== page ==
The Press Bureau of the Government of India reported in 2007 that there are 525,000 solar cookers installed in India.[1] The Press Bureau also reported in 2003 that, "The solar cooker programme has been expanded by introducing new designs for community use. Three solar steam cooking systems based on automatic tracking concentrating collective technology for cooking food for 600-3,000 people per day, and one system based on ‘Solar Bowl’ technology, have been installed. World's largest solar steam cooking system has been installed at Tirumala Tirupati. The system is designed to cook two meals for 15,000 persons in one day. Another system for 2,000 people was erected at Brahmakumaris Ashram in Gurgaon in July, 2002. Three community cookers for indoor cooking have been installed at a training hostel and an NGO’s establishment in Leh. In all, six such systems have been installed under the MNES demonstration scheme. A total of 500 dish solar cookers and 60 community solar cookers have been installed so far."[2]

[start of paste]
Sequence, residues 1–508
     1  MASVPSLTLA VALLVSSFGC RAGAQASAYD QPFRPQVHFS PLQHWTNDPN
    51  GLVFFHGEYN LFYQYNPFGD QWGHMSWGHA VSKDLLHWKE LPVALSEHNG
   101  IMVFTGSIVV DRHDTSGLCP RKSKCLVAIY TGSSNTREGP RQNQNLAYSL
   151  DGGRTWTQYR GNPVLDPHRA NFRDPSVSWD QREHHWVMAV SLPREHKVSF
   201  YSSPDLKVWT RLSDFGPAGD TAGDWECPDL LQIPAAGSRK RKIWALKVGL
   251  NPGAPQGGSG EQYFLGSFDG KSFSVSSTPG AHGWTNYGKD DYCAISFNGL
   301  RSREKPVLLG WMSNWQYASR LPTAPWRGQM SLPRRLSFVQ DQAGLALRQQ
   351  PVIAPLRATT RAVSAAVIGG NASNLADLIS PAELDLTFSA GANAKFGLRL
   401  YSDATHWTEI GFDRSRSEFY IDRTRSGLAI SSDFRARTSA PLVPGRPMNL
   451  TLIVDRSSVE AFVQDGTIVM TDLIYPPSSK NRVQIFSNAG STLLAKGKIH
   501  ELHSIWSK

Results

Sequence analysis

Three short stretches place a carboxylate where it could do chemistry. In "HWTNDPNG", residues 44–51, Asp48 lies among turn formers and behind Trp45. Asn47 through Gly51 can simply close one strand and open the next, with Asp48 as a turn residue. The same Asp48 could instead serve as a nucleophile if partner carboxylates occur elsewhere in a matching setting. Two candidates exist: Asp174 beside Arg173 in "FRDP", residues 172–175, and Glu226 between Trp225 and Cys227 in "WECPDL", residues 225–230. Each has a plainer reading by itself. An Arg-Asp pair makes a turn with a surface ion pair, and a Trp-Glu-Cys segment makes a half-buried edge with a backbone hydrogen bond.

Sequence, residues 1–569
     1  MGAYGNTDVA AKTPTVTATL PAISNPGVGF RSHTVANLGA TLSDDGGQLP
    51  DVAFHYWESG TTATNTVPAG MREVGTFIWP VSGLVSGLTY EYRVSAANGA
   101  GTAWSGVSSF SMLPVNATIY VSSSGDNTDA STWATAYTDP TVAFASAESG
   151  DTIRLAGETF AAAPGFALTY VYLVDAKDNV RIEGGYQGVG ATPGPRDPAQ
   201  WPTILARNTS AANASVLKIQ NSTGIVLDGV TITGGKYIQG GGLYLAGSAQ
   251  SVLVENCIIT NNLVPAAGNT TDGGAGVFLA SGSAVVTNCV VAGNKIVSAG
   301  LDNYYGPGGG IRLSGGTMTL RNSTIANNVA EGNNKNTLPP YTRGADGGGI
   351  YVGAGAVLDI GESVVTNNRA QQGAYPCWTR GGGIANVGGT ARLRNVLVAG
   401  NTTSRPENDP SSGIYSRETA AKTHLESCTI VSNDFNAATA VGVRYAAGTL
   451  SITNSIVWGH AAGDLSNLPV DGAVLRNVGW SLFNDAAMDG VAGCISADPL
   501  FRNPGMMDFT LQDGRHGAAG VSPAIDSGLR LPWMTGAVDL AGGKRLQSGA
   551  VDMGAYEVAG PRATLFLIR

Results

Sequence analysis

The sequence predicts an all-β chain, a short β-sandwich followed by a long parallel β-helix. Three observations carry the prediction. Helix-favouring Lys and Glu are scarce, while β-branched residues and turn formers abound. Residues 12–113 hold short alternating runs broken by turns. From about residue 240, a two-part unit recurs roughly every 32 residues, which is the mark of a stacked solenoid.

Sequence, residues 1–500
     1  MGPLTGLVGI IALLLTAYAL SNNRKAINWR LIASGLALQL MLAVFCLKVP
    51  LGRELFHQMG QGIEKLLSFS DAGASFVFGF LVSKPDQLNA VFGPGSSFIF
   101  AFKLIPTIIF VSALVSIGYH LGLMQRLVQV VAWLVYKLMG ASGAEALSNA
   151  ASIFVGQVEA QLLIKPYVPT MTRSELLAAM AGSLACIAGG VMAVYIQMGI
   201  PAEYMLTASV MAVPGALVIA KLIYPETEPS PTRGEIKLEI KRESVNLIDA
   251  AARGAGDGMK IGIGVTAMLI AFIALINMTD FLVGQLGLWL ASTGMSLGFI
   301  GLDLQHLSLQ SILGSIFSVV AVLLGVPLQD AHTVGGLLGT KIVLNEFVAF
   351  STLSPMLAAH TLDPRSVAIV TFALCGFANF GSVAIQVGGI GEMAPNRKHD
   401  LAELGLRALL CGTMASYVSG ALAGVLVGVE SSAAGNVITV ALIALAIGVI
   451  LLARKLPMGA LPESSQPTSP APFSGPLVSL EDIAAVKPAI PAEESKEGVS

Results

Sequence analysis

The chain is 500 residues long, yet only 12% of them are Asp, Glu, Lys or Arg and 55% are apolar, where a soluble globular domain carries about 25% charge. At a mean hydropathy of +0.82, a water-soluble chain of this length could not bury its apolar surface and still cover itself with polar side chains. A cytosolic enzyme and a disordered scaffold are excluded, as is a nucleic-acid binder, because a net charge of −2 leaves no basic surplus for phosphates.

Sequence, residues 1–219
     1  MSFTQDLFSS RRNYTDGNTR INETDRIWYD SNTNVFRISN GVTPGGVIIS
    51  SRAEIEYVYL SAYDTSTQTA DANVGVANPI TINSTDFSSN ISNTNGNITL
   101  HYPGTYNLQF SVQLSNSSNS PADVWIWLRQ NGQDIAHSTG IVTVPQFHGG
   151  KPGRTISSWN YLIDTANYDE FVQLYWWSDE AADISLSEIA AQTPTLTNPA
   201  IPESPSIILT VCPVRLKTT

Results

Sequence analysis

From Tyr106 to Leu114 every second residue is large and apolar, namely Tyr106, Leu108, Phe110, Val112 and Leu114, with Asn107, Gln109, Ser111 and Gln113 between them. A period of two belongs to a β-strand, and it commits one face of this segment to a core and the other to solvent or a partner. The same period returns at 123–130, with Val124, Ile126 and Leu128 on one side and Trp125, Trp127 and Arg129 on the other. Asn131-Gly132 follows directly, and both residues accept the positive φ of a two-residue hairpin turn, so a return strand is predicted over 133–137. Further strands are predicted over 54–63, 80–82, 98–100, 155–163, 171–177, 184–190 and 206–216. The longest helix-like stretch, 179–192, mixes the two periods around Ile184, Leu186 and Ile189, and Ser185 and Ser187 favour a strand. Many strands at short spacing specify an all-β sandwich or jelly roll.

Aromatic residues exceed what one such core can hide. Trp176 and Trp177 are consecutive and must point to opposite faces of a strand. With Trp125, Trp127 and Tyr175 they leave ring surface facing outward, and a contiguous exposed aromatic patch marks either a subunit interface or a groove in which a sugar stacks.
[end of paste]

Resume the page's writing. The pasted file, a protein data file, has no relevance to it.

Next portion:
Archived articlesEdit

Culture and economicsEdit

Solar Cookers International has rated India as the #1 country worldwide for solar cooking potential. In the year 2020, the estimated number of people in India who will suffer from fuel scarcity is 157,400,000, but these people will continue to have ample access to the sun. In December 2007, the Indian Government instituted a program of rebates on various renewable energy devices including solar cookers. Solar cooking has even been recommended in the Rig Veda, a sacred Hindu text, stating: "All edibles ripened or cooked in the sun’s rays change into super medicine, the amrita."

India Solar Resource map, 12-3-12

India Solar Resource Map provided by the National Renewable Energy Laboratory